Translators have conjectured that the sculpted figure is unmounted because he was either killed by a fall from a horse, or because Aetion was of Trojan descent, and hated the idea of a horse because of the wooden horse made by Epeius (see Homer part 3). The notion that the figure stands in front of a stable (according the first translation below) strikes a tone of irony.
Callimachus, Epigram 24
Ήρως Αἰετίωνος ἐπίσταθμος Ἀμφιπολίτεω
Ulrich von Wilamowitz-Moellendorff (editor), Callimachus, Hymns and Epigrams, Epigram 24 (Palatine Anthology, Book IX, Epigram 336). Weidmann, Berlin 1897. At Perseus Digital Library.
ἵδρυμαι μικρῶι μικρὸς ἐπὶ προθύρωι
λοξὸν ὄφιν καὶ μοῦνον ἔχων ξίφος: ἀνδρὶ ιπειωι
θυμωθεὶς πεζὸν κἀμὲ παρωικίσατο.
Epigram 336 - Callimachus
"I, the hero who guard the stable of Aetion of Amphipolis, stand here, small myself and in a small porch, carrying nothing but a wriggling snake and a sword. Having lost his temper with .... he did not give me a mount either when he put me up beside him."
William Roger Paton (1857-1921), translator, The Greek anthology Volume III (of five), Book IX, The Declamatory Epigrams, pages 180-183, "336 - Callimachus". William Heinemann, London; G. P. Putnam's sons, New York, 1916. Parallel texts in Greek and English. At the Internet Archive.
Callimachus, Epigram XXV
Literal translation by James Davies (Rev. J. Banks, 1820-1883), page 199. ***
"A hero, I am set before the door of Eetion, of Amphipolis, a little hero at a small vestibule, bearing a snake looking askance and a sword only. But being enraged at a horseman, he has placed me also near himself on-foot."
Callimachus, Epigram XXV
Verse translation by Henry William Tytler, page 424.***
Small is my size, and I must grace
Eetion's porch, a little place;
A hero's likeness I appear,
And round my sword a serpent bear.
But since Eetion views with hate
The prancing steed that caus'd my fate,
Resolv'd that we no more should meet,
He plac'd me here upon my feet.
*** Both translations from: The works of Hesiod, Callimachus, and Theognis. Literal translations by James Davies (Rev. J. Banks, 1820-1883); metrical translations by Sir Charles Abraham Elton (1778-1853), Henry William Tytler (1752-1808), John Hookham Frere (1769-1846). H. G. Bohn, London, 1856. At the Internet Archive.
11. The date of Sodoma's Alexander frescoes
The dating of Sodoma's three Alexander frescoes in the Villa Farnesina remains a matter of debate. The traditional date of 1509-1510 is based on the assumption that Sodoma worked at the villa during his first stay in Rome, around 1508-1510, following his first meeting with Agostino Chigi in Siena in 1507. He is known to have been working in a house of Agostino's brother Sigismondo in Trastevere in 1508, and from October 1508 until the middle of 1509 he worked in the Vatican Rooms, before his place was taken by Raphael. By October 1510 he had returned to Siena. However, a letter from the scholar Aretino to Sodoma indicates that both men were at the villa in 1513. Again, Sodoma is known to have been in Siena at the beginning of 1514.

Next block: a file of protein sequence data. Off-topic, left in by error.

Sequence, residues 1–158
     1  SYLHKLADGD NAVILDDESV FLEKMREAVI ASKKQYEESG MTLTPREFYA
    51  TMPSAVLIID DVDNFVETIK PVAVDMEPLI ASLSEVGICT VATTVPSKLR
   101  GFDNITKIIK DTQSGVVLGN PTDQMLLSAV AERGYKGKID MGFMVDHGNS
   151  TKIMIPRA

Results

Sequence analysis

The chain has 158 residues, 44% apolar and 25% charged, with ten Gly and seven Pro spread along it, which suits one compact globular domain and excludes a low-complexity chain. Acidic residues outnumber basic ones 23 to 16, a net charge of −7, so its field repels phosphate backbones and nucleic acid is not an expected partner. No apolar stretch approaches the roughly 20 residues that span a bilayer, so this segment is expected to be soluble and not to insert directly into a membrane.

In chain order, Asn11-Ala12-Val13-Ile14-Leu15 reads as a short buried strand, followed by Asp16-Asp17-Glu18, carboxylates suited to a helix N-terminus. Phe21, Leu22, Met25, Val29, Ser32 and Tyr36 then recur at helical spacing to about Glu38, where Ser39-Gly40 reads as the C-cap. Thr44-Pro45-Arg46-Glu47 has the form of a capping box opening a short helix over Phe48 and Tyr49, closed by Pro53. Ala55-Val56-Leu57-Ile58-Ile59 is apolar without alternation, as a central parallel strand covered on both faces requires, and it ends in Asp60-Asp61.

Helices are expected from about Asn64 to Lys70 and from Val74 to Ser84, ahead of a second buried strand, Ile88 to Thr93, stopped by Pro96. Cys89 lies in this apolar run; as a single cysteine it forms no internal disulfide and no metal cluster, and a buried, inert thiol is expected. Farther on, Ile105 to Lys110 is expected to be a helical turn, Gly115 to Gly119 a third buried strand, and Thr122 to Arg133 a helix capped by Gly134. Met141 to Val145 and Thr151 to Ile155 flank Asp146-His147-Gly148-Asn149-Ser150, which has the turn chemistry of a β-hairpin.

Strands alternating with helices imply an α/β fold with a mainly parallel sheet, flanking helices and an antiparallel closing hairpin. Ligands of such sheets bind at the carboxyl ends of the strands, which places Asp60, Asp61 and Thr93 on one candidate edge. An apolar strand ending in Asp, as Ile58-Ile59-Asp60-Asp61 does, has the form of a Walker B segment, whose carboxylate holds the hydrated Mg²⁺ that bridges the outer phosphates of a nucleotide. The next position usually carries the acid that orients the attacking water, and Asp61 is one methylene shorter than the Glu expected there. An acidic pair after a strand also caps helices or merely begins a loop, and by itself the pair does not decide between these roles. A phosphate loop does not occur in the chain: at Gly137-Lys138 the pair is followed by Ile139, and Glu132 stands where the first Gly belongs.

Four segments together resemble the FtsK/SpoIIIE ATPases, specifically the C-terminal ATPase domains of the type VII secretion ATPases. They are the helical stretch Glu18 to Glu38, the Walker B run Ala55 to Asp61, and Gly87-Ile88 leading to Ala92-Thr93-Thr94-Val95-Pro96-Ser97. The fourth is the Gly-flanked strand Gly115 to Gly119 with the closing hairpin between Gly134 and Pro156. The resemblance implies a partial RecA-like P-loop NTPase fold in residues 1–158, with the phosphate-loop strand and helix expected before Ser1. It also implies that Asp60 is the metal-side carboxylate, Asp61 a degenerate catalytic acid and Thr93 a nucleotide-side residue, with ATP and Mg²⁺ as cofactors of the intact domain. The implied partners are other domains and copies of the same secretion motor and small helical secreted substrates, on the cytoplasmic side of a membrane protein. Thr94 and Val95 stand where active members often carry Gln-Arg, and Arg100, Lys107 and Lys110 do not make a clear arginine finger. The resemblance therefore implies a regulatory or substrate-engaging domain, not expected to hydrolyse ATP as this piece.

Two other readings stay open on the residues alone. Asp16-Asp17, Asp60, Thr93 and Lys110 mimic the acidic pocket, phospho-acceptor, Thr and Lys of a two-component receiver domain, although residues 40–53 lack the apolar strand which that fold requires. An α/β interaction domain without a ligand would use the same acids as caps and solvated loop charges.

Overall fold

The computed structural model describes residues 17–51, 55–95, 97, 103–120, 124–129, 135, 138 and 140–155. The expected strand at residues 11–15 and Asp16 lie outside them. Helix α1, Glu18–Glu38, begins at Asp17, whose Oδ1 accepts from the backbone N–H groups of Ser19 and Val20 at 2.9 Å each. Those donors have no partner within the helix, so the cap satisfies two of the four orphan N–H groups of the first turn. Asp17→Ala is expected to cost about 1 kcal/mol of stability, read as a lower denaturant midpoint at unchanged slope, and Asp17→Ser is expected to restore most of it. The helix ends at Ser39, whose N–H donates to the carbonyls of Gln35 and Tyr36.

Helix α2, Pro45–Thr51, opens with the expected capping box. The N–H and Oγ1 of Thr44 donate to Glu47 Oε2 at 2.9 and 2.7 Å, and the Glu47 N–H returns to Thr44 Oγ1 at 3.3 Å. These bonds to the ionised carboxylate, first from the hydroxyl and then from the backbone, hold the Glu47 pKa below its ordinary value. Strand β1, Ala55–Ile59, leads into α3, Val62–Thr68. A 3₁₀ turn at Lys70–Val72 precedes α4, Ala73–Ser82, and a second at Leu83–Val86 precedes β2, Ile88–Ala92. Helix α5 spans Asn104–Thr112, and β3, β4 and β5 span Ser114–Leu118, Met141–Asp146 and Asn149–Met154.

One hypothesis (A. Hayum, 1966, see below) dates the frescoes to 1517, whereas the villa's labelling states 1519, and according to a recent book (Vincenzi, 2014, see below) the bedroom was decorated before Chigi's own wedding to Francesca Ordeaschi on 28 August 1519 (Sant' Agostina's day), which was officiated by Pope Leo X.
It has been pointed out that the other two Alexander frescoes are much harsher in style than the wedding, and thus may have been painted at a later date. The frescoes were restored 1974-1976.
A. Hayum, A new dating for Sodoma's frescoes in the Villa Farnesina, in The Art Bulletin, 1966, pages 215-217.
Elsa Gerlini, The Villa Farnesina alla Lungara, Rome, pages 66-73. Instituto Poligrafico e Zecca dello Stato S.p.A., Rome, 2006.
Alessandro Vincenzi (editor), The Villa Farnesina in Rome, pages 90-95. Franco Cosimo Panini Editore S.p.A., Modena, 2014.
The illustrated guidebooks by Gerlini and Vincenzi can be purchased in the bookshop of the villa at 10 Euros each.
Some people believe that the Villa Farnesina should be called Villa Chigi after its builder. Vasari referred to it as "the Chigi", but it came into the possession of the Farnese family after being purchased by Cardinal Alessandro Farnese around 1579 (sources differ on the exact date).
12. The fourth Alexander fresco
Although the left side (above the door) and part of the right side of the fourth fresco of the Room of the marriage of Alexander the Great and Roxane, which depict the arches of the Basilica of Maxentius and landscape elements, are by Sodoma, it is thought that the space in between was originally left undecorated and was occupied by Chigi's bed. The present main scene, depicting The young Alexander taming the horse Bucephalos, is a late 16th century work by an unknown Mannerist artist imitating Sodoma. It was probably commissioned to fill the blank space on the wall following the removal of Chigi's bed some time after his death.
13. The lighting of the Farnesina Alexander frescoes
In fairness, it should be noted that the lamps which illuminate the room are fairly inobtrusive and generally provide an effective solution to the problems of lighting a space in which every surface is entirely covered with precious decoration.
See also one of the fresco panels of the room's ceiling, depicting the abduction of Persephone by Hades painted by an artist from Baldassare Peruzzi's workshop.